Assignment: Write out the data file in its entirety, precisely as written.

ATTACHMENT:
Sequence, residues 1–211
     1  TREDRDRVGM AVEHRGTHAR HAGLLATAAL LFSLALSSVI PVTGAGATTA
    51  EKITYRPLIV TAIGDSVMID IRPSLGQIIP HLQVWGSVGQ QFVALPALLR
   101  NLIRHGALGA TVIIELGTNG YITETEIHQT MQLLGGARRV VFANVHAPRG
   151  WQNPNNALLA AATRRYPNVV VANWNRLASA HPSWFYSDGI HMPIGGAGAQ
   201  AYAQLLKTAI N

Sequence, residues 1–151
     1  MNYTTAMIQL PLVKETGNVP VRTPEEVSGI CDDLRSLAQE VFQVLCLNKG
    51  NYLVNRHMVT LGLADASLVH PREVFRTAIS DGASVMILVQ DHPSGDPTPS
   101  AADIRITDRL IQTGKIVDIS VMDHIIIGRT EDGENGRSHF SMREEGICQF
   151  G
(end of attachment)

Sequence, residues 1–211
     1  TREDRDRVGM AVEHRGTHAR HAGLLATAAL LFSLALSSVI PVTGAGATTA
    51  EKITYRPLIV TAIGDSVMID IRPSLGQIIP HLQVWGSVGQ QFVALPALLR
   101  NLIRHGALGA TVIIELGTNG YITETEIHQT MQLLGGARRV VFANVHAPRG
   151  WQNPNNALLA AATRRYPNVV VANWNRLASA HPSWFYSDGI HMPIGGAGAQ
   201  AYAQLLKTAI N

Sequence, residues 1–151
     1  MNYTTAMIQL PLVKETGNVP VRTPEEVSGI CDDLRSLAQE VFQVLCLNKG
    51  NYLVNRHMVT LGLADASLVH PREVFRTAIS DGASVMILVQ DHPSGDPTPS
   101  AADIRITDRL IQTGKIVDIS VMDHIIIGRT EDGENGRSHF SMREEGICQF
   151  G